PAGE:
A very public replication of the temporal pattern to people's regrets

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Abstract

Most people recognize that mistaken actions generally sting more than equally mistaken and consequential failures to act (Gleicher et al. 1990 Pers. Soc. Psychol. Bull. 16, 284–295 (doi:10.1177/ 0146167290162009); Kruger et al. 2005 J. Pers. Soc. Psychol. 88, 725–735 (doi:10.1037/0022-3514.88.5.725); Landman 1987 Pers. Soc. Psychol. Bull. 13, 524–536 (doi:10.1177/0146167287134009)). At the same time, most people have some intuitive appreciation of Whittier’s claim that ‘For all sad words of tongue and pen, the saddest are these, “It might have been”’. As a result, few are surprised to learn that when people look back on their lives and identify what they regret most, they mention regrets of inaction significantly more often than regrets of action. Gilovich and Medvec (Gilovich & Medvec 1994 J. Pers. Soc. Psychol. 67, 357–365 (doi:10.1037/ 0022-3514.67.3.357); Gilovich & Medvec 1995 Psychol. Rev. 102, 379–395 (doi:10.1037/0033-295X.102.2.379)) identified the overarching pattern that incorporates both intuitions: regrets of recent vintage tend to centre on mistakes of action, but long- term regrets tend to involve failures to act. We conducted a replication of Gilovich and Medvec in the field using a unique source: a new museum in Chicago devoted to psychological science. We replicated the significant interaction between action/inaction and temporal perspective, but the precise pattern of that interaction diverged from that reported earlier.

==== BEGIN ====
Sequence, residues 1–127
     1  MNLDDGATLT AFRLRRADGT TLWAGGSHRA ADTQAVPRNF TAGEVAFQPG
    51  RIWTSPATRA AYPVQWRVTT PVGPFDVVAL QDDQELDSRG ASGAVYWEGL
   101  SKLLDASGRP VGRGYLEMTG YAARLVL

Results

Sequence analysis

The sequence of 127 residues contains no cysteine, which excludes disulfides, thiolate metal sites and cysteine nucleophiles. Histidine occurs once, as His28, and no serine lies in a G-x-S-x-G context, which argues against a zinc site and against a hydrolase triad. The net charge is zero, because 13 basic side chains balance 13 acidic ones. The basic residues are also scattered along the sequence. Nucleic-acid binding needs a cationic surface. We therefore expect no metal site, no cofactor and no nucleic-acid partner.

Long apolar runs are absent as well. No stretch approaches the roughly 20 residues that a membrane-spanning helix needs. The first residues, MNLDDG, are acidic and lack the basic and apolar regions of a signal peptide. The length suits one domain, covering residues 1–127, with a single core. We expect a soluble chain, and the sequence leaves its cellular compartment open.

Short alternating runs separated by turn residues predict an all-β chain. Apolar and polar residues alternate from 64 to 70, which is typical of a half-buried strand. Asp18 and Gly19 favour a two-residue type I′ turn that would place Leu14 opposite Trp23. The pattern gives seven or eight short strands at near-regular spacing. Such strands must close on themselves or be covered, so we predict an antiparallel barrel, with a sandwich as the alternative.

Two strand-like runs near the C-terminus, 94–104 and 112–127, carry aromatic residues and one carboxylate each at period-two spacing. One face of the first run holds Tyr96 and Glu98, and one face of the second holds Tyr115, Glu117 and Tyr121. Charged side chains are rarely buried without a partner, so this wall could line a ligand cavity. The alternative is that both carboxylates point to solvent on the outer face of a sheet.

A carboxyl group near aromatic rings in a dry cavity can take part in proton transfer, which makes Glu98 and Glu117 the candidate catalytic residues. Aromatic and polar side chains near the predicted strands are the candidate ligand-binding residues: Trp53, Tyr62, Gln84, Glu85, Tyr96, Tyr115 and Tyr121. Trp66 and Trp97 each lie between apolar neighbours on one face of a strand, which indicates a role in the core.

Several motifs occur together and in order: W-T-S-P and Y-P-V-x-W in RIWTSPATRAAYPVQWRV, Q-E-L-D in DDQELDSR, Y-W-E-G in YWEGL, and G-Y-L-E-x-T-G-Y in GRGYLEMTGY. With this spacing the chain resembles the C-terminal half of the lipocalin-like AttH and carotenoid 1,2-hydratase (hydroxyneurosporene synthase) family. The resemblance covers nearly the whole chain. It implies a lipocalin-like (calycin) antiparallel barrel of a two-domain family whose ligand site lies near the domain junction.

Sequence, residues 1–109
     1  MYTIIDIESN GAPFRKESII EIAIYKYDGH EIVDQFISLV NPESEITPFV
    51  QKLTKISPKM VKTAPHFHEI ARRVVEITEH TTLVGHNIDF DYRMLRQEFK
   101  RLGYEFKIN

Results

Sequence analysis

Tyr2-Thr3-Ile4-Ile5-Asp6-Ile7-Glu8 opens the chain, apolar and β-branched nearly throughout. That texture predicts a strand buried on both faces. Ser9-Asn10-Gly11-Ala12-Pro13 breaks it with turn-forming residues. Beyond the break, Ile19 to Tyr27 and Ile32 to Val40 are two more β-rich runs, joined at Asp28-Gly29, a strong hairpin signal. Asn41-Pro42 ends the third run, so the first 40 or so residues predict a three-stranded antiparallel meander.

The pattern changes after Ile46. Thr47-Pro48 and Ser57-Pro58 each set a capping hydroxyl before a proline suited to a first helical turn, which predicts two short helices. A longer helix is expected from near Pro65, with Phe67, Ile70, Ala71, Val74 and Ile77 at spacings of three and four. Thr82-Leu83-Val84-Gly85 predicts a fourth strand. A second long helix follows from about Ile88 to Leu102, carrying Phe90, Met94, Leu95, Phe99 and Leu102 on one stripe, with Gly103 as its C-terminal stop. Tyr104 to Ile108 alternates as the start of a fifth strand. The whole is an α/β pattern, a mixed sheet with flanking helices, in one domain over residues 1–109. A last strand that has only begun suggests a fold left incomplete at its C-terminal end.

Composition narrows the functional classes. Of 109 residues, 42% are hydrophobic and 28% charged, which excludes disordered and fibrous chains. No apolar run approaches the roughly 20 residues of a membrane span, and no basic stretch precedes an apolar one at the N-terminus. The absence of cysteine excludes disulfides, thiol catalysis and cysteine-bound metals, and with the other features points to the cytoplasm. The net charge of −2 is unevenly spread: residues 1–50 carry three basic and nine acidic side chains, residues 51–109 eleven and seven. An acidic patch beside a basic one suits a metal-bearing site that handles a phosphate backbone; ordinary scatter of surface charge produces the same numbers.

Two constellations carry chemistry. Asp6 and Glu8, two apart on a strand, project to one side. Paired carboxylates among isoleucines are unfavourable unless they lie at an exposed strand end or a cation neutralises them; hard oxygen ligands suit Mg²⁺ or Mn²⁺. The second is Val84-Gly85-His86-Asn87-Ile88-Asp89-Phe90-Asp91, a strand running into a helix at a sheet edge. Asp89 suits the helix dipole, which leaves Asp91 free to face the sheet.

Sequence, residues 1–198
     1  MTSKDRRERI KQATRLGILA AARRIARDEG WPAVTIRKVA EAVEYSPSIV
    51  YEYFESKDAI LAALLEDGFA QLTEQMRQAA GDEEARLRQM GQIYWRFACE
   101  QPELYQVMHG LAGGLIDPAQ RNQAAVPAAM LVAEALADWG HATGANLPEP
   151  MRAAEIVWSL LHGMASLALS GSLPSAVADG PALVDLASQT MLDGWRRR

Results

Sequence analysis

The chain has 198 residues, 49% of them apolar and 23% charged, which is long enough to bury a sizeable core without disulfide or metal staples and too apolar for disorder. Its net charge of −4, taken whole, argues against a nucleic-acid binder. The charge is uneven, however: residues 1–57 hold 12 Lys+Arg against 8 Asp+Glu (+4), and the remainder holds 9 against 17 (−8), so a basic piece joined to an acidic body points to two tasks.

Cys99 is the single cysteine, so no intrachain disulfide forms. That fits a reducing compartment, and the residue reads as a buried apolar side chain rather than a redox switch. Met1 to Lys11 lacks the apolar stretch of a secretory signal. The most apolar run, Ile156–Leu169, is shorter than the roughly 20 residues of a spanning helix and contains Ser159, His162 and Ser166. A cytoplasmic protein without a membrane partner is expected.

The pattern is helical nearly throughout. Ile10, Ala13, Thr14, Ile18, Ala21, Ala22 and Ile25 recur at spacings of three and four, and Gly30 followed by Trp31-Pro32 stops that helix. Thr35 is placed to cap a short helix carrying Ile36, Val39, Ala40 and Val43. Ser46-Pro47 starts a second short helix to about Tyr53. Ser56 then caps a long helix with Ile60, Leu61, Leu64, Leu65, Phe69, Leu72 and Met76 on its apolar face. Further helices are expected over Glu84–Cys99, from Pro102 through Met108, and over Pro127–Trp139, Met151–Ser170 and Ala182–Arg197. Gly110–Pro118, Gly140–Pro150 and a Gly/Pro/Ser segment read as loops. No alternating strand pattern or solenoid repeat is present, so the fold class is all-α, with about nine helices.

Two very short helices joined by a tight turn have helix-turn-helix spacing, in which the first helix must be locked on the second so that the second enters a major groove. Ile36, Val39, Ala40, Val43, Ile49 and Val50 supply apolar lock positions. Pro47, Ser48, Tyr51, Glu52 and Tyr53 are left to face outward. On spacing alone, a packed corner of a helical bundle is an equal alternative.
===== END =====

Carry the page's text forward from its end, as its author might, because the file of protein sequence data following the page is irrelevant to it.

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This work was supported by a gift to Cornell University from Dan and Lisa Zelson.
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2023-06-21
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Royal Society Open Science
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replication, regret, judgment and decision-making
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Attribution 4.0 International
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